Cultural Tour

Tanzania is home to over 122 tribes, each with its own language and culture. The country has successfully unified these diverse groups into a harmonious nation. We are pleased to offer a visits to various tribal villages, which can be arranged as a day trips or added to a safari itinerary. These authentic experiences showcase the daily life of the tribe members and provide a memorable opportunity to deepen your understanding of the country. Some of the popular cultural tour which may be tailored into visitor itineraries include.

Maasai Boma in Ngorongoro Conservation Area

The Maasai of northern Tanzania are one of the most renowned ethnic groups in the region, known for their strong attachment to cultural values. The Ngorongoro Conservation Area is home to the pastoral Maasai, who move with their herds of cattle, sheep, goats, and donkeys in search of pasture and water. Many safari guests visiting Ngorongoro enjoy including a visit to a Maasai Boma, located on the western slopes of the Ngorongoro Highlands about five kilometers off the main road to the Serengeti. This visit is one of the most famous cultural experiences for guests.

During the visit, clients will be shown around the Maasai Boma and are invited to explore the huts where Maasai families live, gaining insight into their culture. The huts, typically built by women, are constructed from wood, mud, and cow dung.

Hadzabe Tribes at Lake Eyasi

Visiting the Hadzabe tribe at Lake Eyasi offers a fascinating day trip. Lake Eyasi is a seasonal shallow salt lake south of the Ngorongoro Highlands, making it a paradise for bird lovers. Visitors can spot species such as the African spoonbill, flamingos, gray-headed gulls, great white pelicans, and pied avocets. The trip includes a visit to the Hadzabe bushmen, with half-day or full-day excursions available.

The Hadzabe are a nomadic society of hunter-gatherers, known for their distinctive click-tongue language. With an estimated population of fewer than 1,200, this tribe lives in small groups of about 20-30 members. The Hadzabe have a largely egalitarian society where all members are considered equal and do not own livestock. The men typically hunt in pairs or small groups using bows and arrows, targeting small to large birds, small mammals like squirrels, and larger mammals such as serval cats, baboons, and even warthogs. The women forage in larger groups, gathering berries, tubers, greens, and honey.

Visiting Datoga Tribe

After visiting the Hadzabe, we located a local Datoga tribe. The Datoga live in the same region but are quite different from the Hadzabe; they are a pastoralist society known for their craftsmanship. The Hadzabe often trade honey and other foods for arrows made by the Datoga. During your visit to the Datoga tribe, you will have the opportunity to sit inside their homes, meet with the women of a family (the Datoga are a polygamous society where women choose subsequent wives), and discuss their lifestyles. You will also learn how they grind maize for food and witness the incredible skill with which the men melt down scrap metals to create arrows, spears, and knives.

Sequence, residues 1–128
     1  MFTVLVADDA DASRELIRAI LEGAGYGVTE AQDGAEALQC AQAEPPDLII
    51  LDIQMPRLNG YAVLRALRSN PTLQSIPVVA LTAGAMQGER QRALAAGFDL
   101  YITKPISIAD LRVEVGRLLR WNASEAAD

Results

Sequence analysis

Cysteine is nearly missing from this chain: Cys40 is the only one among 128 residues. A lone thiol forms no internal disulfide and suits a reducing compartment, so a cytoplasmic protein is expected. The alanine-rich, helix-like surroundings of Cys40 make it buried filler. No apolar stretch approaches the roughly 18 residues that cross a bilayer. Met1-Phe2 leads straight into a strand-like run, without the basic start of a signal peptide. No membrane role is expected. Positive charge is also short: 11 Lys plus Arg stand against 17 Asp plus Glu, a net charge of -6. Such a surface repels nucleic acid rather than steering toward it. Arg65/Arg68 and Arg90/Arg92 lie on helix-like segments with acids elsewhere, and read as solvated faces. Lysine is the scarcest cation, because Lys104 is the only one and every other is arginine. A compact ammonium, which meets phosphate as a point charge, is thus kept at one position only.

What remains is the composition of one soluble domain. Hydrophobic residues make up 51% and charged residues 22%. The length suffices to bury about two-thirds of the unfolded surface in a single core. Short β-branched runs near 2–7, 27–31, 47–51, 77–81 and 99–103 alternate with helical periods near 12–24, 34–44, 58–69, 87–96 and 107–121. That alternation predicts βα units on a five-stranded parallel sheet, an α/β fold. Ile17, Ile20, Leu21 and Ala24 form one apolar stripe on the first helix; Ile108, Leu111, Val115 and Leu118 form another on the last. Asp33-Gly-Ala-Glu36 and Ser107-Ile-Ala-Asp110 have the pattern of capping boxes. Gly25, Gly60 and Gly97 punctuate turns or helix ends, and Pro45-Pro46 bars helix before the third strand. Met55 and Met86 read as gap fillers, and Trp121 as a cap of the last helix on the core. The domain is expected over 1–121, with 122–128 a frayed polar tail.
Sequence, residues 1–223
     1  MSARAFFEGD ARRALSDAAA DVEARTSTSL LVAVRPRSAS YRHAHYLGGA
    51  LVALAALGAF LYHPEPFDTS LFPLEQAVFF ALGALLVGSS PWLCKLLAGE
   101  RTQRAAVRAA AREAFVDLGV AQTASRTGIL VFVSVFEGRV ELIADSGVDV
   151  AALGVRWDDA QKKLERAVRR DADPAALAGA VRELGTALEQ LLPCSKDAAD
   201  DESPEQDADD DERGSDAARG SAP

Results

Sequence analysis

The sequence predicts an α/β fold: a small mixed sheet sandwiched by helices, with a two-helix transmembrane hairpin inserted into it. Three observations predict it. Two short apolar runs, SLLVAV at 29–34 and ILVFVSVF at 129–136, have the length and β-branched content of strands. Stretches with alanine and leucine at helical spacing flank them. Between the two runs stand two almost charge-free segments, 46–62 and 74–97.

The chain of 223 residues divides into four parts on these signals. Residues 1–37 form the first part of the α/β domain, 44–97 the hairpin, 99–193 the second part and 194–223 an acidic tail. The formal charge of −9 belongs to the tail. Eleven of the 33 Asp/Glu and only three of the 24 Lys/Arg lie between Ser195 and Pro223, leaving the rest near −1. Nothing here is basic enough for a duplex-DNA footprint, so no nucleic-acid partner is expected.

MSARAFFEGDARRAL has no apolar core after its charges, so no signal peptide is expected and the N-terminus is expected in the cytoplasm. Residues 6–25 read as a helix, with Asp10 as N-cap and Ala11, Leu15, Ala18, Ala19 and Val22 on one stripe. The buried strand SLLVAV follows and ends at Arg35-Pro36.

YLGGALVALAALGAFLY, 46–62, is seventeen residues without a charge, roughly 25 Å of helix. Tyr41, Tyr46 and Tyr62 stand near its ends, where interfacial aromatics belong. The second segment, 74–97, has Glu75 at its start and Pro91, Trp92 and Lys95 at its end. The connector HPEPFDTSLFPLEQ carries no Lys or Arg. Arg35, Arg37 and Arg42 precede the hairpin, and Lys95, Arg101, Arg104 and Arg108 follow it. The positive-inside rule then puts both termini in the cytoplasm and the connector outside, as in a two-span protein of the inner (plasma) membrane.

Visit the Chaga Tribe

The Chaga tribe lives on the slopes of Mountain Kilimanjaro and is the third largest tribe in Tanzania. This area provides rich volcanic soils for agriculture and an endless source of pure spring water. The Chaga way of life revolves around agriculture, utilizing irrigation on terraced fields and using oxen to plow the land. The Chaga cultivate yams, beans, maize, and bananas, and they are well known for their Arabica coffee.

Materuni Waterfall

At Materuni Village, travelers can explore the Chaga tribe and their natural heritage. The visit includes a hike to the waterfalls and a coffee tour. First, you will visit the waterfalls. Along the way The guide will inform you about the Chaga culture, village life, and the surrounding fauna and flora. The views are breathtaking, and with some luck, you might see the summit of Kilimanjaro. The waterfalls are over 80 meters high, and the pool at the bottom is perfect for a refreshing swim, so don’t forget your swimwear

Olduvai GorgeThe Olduvai Gorge

Often referred to as “The Cradle of Humankind,” is the site where Dr. Louis Leakey discovered the skull of Zinjanthropus, or “Nutcracker Man,” in 1959. This hominid, believed to have lived 1.75 million years ago, was later reclassified as Australopithecus boisei. It had a massive skull with a small brain (500 cc) and large teeth. Several months later, Dr. Leakey found another fossil hominid in the same excavation layer, named Homo habilis, or “handy man.” Although smaller than the “Nutcracker Man,” Homo habilis had a larger brain (600 cc) and was capable of making simple stone tools.